However, we have serious rail issues too. Australian researchers who visited Canada last winter were told of the problems Canada has had with grain movement by rail, as well as about the abandonment of branch lines and about our increasing highway costs as more grain is moved longer distances by road.
There is also a difference in the degree to which farmers rely on rail. In Canada, Prairie farmers have very limited options for bypassing their rail system, while in Australia half of the grain moves by road from farm gate to port terminals.
Our port terminals are not designed to receive grain by truck even if we were willing to move grain by road.
Because of the lower costs of Canadian rail movement of grain, the key recommendation of the Australian report is to improve the flow and efficiency of grain to port in Australia. The report calls for Australia to develop a new, clear, concise plan for least-cost grain movement to port. According to the report, that plan should encourage private as well as private/public investment to boost grain movement from farm to port.
Farm versus off-farm storage
Canadian grain-marketing specialists talk of the value of on-farm storage and the opportunities to capture higher prices by storing grain on farm. Rarely do we hear of the added costs to the Canadian grain supply system of on-farm storage, but those costs are identified in the Australian report.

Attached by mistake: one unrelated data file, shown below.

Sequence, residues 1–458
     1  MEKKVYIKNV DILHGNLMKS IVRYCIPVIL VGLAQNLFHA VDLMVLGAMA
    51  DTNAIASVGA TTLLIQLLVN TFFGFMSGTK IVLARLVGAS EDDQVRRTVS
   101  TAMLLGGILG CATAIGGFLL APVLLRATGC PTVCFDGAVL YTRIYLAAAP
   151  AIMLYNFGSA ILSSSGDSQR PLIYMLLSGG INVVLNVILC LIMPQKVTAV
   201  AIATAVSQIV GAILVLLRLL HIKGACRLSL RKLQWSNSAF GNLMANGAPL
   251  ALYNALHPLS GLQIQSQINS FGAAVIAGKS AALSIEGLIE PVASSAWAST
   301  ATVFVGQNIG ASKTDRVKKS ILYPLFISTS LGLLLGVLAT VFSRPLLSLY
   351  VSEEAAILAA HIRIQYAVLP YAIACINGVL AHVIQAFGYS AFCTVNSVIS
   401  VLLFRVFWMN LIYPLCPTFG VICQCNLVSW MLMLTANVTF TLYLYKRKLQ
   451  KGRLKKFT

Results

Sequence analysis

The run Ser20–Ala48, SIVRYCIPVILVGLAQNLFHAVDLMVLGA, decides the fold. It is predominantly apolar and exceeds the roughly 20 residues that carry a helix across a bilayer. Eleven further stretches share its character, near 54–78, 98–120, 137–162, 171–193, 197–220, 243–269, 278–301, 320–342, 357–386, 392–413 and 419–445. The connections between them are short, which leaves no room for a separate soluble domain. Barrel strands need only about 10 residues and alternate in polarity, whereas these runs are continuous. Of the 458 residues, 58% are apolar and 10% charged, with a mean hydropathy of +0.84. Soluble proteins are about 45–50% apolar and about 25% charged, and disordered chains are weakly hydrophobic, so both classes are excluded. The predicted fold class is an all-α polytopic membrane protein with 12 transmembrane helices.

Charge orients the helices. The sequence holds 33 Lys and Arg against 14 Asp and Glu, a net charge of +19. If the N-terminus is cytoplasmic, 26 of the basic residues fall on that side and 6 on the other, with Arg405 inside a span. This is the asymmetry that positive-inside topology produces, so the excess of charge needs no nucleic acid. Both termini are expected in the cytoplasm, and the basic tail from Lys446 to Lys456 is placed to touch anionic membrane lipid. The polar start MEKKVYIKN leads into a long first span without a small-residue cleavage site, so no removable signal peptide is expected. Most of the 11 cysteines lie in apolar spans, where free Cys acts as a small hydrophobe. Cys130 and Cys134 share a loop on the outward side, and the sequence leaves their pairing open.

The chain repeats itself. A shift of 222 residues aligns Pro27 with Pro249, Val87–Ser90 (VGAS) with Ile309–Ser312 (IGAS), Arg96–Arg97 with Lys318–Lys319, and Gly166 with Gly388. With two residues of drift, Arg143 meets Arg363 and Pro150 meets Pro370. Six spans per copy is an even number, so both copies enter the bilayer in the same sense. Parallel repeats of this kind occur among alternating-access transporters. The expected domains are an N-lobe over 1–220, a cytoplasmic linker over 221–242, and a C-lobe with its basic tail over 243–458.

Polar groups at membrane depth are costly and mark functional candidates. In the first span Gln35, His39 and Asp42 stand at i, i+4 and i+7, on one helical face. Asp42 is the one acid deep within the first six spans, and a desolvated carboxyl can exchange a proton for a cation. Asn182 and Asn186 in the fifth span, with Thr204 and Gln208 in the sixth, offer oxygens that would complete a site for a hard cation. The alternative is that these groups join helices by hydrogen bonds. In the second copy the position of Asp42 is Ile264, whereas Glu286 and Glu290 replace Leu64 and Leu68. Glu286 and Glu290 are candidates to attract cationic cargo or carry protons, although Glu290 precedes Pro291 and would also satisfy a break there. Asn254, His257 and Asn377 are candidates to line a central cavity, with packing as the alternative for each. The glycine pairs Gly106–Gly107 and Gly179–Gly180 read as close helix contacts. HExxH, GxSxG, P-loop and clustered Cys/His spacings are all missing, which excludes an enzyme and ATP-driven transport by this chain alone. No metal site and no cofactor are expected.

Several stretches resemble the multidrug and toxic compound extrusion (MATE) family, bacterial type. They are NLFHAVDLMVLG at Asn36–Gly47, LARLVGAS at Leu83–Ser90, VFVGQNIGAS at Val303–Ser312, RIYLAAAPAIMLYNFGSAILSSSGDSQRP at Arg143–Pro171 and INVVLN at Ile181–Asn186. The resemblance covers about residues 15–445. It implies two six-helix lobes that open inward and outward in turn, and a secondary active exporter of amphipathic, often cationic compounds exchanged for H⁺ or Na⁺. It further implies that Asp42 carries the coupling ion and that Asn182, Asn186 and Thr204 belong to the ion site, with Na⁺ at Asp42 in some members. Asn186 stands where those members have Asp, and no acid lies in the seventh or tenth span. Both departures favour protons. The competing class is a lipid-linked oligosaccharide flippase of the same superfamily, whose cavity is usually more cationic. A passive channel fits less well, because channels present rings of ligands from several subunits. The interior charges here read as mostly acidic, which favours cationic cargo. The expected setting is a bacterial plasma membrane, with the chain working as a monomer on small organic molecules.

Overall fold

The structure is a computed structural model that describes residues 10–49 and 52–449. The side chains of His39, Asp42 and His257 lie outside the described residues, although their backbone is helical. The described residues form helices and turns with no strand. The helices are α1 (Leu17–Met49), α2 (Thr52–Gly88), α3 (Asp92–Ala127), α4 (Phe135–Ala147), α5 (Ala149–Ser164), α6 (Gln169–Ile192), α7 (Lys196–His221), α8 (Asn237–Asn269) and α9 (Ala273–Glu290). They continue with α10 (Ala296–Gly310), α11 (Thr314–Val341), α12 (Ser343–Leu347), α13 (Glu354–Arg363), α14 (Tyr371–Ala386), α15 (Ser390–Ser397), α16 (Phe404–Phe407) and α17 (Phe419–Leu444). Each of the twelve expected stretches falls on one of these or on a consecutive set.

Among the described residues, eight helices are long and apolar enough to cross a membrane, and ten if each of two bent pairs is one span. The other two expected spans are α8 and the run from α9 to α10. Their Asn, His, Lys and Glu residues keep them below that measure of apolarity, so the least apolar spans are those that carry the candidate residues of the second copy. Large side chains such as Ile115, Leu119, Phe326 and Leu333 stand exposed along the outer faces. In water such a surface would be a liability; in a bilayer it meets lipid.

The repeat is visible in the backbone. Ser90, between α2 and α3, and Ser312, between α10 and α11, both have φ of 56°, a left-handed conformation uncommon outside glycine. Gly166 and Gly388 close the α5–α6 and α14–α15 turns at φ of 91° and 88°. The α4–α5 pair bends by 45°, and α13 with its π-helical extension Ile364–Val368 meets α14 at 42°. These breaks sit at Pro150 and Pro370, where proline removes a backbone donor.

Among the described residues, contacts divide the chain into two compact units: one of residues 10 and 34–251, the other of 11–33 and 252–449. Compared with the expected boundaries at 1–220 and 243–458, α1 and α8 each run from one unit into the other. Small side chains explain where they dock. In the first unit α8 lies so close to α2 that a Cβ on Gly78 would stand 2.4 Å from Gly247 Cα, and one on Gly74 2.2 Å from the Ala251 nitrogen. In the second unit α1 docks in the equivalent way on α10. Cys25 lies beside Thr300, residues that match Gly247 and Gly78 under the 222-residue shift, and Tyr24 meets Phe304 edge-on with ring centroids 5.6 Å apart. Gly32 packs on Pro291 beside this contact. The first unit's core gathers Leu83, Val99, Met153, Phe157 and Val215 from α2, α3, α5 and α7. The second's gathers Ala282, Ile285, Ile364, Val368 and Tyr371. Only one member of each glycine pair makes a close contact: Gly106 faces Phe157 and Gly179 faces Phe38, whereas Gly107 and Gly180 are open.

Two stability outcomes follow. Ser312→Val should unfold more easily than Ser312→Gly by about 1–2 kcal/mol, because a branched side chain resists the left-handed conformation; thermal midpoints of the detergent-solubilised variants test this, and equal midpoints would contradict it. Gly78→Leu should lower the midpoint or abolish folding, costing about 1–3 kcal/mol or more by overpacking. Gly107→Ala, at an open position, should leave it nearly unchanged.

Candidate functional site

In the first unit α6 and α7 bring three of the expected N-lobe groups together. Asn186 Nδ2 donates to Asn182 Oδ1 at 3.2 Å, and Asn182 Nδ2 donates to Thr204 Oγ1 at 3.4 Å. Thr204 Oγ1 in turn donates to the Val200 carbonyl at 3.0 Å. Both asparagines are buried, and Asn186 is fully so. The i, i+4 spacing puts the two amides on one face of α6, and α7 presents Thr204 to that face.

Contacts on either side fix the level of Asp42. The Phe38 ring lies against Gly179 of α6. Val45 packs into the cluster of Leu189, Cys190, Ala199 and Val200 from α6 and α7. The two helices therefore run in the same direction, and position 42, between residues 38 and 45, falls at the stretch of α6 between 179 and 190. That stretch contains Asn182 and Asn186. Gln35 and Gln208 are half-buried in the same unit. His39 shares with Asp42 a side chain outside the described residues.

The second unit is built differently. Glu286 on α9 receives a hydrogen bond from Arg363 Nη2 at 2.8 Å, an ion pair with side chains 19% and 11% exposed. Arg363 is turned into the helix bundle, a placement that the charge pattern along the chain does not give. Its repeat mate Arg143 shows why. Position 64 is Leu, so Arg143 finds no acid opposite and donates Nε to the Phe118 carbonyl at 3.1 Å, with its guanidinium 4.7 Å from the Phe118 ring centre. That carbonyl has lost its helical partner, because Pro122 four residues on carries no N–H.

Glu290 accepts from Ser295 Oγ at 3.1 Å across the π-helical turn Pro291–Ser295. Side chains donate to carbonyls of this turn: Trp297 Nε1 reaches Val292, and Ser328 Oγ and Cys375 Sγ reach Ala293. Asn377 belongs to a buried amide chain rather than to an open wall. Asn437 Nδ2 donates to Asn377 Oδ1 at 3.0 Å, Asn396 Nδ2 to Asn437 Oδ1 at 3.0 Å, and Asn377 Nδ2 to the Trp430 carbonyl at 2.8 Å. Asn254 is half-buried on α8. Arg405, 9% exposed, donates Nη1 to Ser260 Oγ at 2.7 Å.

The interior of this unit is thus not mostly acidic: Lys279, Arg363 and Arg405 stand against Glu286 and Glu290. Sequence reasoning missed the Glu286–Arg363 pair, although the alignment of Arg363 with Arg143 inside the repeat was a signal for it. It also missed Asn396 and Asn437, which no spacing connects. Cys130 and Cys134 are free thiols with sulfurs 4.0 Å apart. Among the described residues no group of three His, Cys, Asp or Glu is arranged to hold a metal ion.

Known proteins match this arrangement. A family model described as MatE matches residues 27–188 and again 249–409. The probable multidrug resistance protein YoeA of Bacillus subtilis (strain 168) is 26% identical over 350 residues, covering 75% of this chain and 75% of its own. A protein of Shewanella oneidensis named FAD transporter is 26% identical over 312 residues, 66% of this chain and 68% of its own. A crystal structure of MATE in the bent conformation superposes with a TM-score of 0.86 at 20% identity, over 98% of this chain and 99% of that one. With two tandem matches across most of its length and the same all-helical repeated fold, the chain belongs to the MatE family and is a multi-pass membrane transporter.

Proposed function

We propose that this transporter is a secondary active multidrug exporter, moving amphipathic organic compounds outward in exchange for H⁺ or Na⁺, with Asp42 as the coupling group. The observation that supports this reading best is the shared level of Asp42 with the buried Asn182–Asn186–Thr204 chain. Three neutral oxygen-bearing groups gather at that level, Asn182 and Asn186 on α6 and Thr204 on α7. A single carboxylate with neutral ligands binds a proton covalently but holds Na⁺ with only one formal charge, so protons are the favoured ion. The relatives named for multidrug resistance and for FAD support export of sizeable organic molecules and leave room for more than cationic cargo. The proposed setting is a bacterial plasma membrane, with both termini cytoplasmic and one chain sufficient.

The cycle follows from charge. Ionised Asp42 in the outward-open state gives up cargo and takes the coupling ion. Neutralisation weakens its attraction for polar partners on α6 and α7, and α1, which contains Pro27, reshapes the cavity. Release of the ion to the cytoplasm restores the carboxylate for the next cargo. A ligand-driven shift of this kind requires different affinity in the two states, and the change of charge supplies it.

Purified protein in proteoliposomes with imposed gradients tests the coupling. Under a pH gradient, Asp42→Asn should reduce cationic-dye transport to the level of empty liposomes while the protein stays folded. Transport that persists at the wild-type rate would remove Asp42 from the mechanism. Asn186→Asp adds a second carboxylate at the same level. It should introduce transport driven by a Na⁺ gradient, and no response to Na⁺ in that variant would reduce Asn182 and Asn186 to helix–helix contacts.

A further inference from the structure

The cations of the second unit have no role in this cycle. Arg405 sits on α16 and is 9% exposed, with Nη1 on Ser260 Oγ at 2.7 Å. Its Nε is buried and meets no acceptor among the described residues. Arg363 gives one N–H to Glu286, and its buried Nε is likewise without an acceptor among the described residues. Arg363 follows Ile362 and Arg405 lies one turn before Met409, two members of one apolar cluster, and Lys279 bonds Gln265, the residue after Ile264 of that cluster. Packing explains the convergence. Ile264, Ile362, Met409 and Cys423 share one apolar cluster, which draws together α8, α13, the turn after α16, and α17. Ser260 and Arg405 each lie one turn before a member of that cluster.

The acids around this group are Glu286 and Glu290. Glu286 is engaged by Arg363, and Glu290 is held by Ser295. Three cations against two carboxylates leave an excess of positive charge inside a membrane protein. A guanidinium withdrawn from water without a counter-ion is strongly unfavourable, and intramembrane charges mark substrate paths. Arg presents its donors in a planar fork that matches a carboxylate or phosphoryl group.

According to the report, it costs Canada’s grain system $17.70/per tonne for our on-farm grain storage of the entire crop. Correspondingly, on-farm storage costs in Australia are only $5/tonne for a system where farmers store as little as 20 per cent of their crop on farm. (In areas where there is strong local or domestic demand, farmers store up to 80 per cent. Areas which export more store very little.)
The Australian system has an additional cost of $3.90/tonne for the upcountry warehouse storage which Canadian farmers do not incur, but still our storage costs are double the cost of Australian farmers.
Australian farmers, by being able to move grain into upcountry storage at harvest, also do not have to worry about the risks associated with storing grain on farm. Those risks are assumed by the warehouse and/or grain trader.
The Australian storage system also offers individual producers access to many more buyers. Instead of being limited to selling to the few companies which are within trucking distance from farm gate to local facility, as is the case in Canada, once Australian farmers move the grain into upcountry warehouse storage, it is available for electronic purchase by any grain trader, so farmers can sell at any time to any buyer. This gives them the benefits of holding grain for later sale, but without the risks and additional costs of having to store the physical commodity on their own farm.
The farmer, grain merchant, and buyer also benefit by having the grain in commercial storage and available for immediate shipment instead of having to co-ordinate the movement of grain from farm to ship after a sale is made, as happens in Canada.
In other words, Australia has adopted a true PUSH system whereas Canada relies on a PULL system in the grain supply chain.
Based on its storage comparisons, the report recommends a rationalization of some of the receiving and storage facilities to increase efficiency and further reduce the cost of the Australian grain supply chain. However, the report makes it clear that the end result of any rationalization must be that “… grain farmers are the net beneficiaries.”